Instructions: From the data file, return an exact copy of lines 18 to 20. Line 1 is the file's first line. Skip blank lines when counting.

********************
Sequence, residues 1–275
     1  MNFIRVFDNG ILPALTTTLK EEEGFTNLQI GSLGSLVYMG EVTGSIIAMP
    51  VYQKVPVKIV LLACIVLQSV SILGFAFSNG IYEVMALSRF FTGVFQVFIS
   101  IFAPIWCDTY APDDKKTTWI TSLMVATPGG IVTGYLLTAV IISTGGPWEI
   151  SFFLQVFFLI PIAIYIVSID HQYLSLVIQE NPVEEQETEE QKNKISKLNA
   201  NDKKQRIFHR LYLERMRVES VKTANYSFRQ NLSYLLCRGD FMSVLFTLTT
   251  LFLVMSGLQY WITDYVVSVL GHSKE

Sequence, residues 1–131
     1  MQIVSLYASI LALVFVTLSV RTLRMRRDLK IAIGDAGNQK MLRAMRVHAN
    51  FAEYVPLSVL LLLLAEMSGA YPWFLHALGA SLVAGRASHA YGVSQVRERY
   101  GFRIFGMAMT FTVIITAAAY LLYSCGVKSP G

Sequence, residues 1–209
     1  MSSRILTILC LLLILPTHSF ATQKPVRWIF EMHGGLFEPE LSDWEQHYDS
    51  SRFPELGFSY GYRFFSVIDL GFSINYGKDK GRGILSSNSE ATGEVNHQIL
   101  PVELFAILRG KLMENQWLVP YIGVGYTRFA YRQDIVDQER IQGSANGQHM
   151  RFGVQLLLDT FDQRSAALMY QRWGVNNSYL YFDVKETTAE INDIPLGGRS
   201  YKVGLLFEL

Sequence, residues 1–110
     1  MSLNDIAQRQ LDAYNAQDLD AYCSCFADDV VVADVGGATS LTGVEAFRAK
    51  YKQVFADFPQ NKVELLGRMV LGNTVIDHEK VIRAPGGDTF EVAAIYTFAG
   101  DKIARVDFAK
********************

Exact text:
Sequence, residues 1–110
     1  MSLNDIAQRQ LDAYNAQDLD AYCSCFADDV VVADVGGATS LTGVEAFRAK
    51  YKQVFADFPQ NKVELLGRMV LGNTVIDHEK VIRAPGGDTF EVAAIYTFAG